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Article
January 30, 1960

THE INTERMEDIUM OF INFORMATION

JAMA. 1960;172(5):456. doi:10.1001/jama.1960.03020050048016

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Abstract

Where should the physician forage for the latest information on what is new in medicine? Frequently the editor of a conservative medical journal is overwhelmed with indecision about accepting a manuscript prematurely, and running the risk of indiscretion, or waiting until all of the evidence is at hand, at which time the reading public, including the physician, is well informed. Somewhere in the land of perplexity there must be a cay of compromise so that the physician will not be forced to rely on the medicine section of Tempo or Wochenblatt to learn the latest.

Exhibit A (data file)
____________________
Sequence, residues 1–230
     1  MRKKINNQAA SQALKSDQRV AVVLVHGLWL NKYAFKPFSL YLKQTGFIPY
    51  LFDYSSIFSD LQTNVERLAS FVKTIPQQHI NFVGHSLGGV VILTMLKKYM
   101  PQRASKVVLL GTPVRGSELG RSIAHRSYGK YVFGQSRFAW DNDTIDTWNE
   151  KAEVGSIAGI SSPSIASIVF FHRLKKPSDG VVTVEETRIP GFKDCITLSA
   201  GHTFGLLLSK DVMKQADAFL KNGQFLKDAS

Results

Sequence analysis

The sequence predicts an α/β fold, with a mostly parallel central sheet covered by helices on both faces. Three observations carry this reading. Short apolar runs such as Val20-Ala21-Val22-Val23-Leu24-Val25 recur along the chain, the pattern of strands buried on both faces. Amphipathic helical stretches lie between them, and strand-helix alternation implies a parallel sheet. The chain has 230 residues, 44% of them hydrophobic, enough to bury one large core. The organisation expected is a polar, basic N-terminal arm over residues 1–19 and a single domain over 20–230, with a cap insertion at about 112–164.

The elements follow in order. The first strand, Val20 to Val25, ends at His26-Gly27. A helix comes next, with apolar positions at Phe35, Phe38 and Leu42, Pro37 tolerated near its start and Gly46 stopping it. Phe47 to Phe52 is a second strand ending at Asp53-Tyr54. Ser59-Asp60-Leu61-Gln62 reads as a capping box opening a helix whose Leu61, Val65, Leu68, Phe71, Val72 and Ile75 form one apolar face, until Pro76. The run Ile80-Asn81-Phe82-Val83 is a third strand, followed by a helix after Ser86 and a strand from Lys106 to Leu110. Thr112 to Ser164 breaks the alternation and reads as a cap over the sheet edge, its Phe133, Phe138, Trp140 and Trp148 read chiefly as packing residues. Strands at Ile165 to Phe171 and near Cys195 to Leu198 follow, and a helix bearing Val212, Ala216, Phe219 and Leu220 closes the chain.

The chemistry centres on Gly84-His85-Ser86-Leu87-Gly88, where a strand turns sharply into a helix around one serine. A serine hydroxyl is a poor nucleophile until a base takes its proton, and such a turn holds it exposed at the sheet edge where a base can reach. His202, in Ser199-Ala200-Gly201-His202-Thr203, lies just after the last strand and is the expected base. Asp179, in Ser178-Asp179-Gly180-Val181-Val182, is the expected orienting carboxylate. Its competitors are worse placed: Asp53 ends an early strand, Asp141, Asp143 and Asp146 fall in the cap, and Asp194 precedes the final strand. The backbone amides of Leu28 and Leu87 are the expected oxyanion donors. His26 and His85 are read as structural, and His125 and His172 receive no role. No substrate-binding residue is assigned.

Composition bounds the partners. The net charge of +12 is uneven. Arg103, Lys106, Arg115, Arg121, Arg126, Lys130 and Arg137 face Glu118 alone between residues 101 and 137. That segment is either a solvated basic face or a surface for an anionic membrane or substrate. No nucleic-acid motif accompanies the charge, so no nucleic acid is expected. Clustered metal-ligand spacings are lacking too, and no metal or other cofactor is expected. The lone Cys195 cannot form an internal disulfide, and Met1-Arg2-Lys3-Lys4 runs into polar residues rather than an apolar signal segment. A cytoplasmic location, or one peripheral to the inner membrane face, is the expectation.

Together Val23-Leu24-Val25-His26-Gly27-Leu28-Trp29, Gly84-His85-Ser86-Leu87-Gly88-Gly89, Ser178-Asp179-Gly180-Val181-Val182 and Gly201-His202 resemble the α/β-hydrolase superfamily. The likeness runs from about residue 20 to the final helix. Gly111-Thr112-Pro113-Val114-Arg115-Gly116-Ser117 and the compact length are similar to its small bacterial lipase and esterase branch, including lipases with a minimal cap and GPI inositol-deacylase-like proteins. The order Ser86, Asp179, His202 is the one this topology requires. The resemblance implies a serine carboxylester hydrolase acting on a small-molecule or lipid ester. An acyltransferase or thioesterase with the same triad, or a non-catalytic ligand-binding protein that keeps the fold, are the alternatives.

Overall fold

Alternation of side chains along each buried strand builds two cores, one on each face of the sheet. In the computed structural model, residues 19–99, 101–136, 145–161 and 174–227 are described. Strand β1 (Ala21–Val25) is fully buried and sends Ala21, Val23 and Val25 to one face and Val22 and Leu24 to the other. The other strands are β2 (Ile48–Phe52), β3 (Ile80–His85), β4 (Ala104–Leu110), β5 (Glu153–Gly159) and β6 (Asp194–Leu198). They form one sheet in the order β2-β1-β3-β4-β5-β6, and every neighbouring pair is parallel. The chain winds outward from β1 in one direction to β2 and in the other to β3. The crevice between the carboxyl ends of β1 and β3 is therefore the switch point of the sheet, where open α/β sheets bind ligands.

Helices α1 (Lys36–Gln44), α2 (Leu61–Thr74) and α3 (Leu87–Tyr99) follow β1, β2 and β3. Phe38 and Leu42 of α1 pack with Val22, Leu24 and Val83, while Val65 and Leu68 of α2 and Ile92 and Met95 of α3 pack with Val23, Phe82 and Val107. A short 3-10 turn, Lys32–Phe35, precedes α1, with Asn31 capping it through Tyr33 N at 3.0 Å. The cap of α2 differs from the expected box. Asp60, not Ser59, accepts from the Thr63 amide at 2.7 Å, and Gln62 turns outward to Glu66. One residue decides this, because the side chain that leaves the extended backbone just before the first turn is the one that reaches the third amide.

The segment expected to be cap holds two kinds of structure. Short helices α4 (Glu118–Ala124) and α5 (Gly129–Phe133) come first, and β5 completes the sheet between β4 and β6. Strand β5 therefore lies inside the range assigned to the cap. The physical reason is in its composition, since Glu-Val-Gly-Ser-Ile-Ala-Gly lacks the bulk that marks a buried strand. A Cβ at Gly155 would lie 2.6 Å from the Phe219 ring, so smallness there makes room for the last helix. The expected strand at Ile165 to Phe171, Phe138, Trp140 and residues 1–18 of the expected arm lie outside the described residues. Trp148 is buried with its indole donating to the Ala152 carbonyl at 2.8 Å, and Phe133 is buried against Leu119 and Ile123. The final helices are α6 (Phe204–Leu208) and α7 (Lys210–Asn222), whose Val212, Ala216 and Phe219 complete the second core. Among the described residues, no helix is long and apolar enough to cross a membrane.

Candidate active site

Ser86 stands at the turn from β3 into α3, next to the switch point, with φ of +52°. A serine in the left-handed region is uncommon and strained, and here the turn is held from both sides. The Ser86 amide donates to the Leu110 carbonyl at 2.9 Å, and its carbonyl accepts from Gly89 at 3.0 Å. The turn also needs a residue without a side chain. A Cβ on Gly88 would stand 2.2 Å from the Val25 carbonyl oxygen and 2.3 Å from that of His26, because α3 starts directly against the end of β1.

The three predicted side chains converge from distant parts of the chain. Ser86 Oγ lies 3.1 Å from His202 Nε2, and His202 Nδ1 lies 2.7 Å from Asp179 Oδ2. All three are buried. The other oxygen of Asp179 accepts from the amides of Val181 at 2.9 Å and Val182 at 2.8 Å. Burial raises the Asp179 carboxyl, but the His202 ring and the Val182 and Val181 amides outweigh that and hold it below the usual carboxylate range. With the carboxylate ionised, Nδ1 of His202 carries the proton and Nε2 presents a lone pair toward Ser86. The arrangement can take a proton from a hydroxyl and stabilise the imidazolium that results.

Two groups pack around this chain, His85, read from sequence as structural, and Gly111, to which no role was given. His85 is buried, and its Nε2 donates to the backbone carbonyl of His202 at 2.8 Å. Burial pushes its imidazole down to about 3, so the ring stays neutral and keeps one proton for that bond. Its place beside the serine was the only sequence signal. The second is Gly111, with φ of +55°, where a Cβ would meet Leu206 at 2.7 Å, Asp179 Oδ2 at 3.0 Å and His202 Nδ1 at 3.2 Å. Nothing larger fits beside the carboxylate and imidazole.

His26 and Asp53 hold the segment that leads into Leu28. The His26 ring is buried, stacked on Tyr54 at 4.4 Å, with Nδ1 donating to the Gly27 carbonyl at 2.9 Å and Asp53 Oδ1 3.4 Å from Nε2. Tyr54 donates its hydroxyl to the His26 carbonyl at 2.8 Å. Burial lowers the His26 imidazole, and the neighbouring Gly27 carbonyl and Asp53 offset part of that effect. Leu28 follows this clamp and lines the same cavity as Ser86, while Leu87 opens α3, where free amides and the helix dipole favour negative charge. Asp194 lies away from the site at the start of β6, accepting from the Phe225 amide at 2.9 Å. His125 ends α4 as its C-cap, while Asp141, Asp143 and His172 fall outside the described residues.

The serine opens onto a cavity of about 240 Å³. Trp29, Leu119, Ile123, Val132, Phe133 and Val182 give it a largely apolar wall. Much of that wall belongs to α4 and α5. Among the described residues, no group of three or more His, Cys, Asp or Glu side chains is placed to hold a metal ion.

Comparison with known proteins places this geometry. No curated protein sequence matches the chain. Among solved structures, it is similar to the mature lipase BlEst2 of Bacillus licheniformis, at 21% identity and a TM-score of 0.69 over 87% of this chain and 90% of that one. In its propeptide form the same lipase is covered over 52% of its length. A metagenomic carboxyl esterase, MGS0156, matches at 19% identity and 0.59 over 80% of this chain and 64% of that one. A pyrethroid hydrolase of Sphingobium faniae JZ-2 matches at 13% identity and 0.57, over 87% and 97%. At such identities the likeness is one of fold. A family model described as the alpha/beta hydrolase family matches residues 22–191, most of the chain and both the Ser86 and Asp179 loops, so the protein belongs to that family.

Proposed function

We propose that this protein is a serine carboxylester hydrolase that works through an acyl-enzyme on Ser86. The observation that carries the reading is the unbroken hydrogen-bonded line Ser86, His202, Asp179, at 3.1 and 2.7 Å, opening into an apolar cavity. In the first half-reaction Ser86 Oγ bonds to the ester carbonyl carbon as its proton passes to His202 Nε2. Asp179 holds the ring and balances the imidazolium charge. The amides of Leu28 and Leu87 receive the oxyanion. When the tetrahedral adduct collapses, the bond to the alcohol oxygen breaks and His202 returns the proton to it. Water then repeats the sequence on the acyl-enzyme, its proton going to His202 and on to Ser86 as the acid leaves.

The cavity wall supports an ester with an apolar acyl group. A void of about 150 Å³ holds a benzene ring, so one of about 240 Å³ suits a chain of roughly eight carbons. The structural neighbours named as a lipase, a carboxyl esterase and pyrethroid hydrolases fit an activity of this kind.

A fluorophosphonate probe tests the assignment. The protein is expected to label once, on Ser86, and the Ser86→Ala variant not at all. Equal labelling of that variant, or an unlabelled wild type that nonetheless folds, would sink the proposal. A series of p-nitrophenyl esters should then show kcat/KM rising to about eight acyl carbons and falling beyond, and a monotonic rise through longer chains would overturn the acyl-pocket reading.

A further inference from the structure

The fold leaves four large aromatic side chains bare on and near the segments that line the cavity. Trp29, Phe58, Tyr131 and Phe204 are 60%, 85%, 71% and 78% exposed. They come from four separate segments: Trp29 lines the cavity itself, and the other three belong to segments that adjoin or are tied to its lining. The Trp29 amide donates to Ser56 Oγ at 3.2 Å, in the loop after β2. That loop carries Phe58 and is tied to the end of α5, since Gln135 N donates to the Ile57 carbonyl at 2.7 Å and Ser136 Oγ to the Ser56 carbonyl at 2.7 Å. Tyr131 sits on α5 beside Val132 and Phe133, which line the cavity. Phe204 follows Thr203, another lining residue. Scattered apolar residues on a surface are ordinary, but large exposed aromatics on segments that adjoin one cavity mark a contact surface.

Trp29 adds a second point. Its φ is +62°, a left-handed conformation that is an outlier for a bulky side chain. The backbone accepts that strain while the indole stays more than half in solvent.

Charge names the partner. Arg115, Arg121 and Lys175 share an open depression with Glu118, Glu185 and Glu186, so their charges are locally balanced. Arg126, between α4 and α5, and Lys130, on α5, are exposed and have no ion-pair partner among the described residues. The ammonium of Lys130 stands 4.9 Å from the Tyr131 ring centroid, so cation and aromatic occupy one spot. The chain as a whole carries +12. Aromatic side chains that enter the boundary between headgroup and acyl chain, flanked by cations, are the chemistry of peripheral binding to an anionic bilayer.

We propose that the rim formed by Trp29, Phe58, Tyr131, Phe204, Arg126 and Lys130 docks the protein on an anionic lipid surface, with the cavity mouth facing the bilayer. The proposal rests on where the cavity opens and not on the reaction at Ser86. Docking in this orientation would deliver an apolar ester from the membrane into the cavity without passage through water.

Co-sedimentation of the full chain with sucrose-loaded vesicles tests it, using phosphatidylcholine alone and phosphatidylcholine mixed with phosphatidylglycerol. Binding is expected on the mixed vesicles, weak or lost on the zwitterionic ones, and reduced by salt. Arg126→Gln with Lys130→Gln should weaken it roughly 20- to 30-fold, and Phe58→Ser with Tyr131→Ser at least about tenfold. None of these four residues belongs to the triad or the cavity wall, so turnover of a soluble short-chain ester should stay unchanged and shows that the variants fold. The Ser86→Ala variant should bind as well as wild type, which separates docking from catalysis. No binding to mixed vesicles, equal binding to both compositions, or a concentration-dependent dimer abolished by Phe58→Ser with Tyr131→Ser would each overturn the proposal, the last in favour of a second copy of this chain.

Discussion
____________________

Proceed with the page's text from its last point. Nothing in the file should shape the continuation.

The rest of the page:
Several devices have been suggested to alter the present unsatisfactory situation. Two of these have been discussed at sufficient length to warrant mention. The Journal will be receptive to manuscripts known in laboratory parlance as preliminary communications. These must be short in length and clear in presentation of a single fact or a group of

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